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Cryptocurrencies are in for a rocky ride in the weeks ahead, thanks to a shaky start to 2022 and a slew of looming economic and technical hurdles.
Bitcoin, the largest of them, has not been able to hold over $50,000 since its December 4 fall, and is down 13% this year.
Bitcoin has suffered disproportionately as the Federal Reserve and other major central banks spelled out plans to raise rates and remove monetary stimulus, far from being the inflation hedge or uncorrelated alternative asset it was sometimes marketed as. Bitcoin has lost 40% of its value since its peak in November.
“There’s more connectivity between the crypto industry and the more traditional markets than some people might desire,” said Jack McDonald, CEO of Standard Custody, a firm that handles digital asset custody solutions for institutional investors.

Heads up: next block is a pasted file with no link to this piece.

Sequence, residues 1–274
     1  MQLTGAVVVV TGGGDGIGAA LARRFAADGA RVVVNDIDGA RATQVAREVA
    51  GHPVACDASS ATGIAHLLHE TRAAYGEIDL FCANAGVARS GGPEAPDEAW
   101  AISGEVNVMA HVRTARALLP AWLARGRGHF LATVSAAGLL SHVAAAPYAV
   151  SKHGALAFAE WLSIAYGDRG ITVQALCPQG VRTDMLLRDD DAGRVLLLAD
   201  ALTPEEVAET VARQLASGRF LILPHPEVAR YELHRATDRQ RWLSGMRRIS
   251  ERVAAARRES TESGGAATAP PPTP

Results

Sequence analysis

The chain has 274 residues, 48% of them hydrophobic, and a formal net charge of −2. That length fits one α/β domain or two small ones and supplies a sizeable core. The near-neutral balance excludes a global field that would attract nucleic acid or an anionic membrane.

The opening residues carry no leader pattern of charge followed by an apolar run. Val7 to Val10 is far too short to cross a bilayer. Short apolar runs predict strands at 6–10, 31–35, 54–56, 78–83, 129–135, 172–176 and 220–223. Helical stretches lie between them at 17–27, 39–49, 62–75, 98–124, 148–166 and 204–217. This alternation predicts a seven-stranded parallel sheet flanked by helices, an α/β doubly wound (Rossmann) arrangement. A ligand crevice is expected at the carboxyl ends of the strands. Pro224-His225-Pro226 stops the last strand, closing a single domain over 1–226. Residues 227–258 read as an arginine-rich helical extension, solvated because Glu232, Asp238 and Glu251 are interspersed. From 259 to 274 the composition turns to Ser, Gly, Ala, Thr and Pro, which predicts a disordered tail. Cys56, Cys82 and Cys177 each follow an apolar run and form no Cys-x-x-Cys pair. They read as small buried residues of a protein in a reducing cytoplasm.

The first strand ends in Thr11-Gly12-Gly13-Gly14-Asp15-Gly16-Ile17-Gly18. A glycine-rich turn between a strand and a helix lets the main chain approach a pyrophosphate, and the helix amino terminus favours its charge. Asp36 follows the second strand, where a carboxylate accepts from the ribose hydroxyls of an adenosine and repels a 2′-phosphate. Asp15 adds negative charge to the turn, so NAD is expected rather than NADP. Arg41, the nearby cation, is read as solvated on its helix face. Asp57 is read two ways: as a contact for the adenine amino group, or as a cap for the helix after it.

Despite the liquidation of bitcoin holdings, the leverage ratio — which tracks open interest across cryptocurrency trading venues relative to bitcoin currency reserves — has been growing, which could be a sign of more short positions being accumulated in the currency, according to Justin D’Anethan, a Hong Kong-based cryptocurrency analyst. Even in options, investors have begun to favor “puts,” he said.
The bitcoin leverage ratio across exchanges has climbed to 0.22 from 0.15 a month ago, according to analytics company CryptoQuant.
According to crypto site CoinGecko, Bitcoin’s market capitalization has decreased to roughly $793 billion. Since the beginning of the year, it has lost nearly $93 billion.
Last Monday, the bitcoin Fear & Greed index on cryptocurrency research platform Coinglass hit its lowest level since July 2021, when bitcoin values were trading at $30,000. According to researcher CryptoCompare, bitcoin futures on the CME suffered the largest monthly drop of 77.4 percent to $11 billion in December.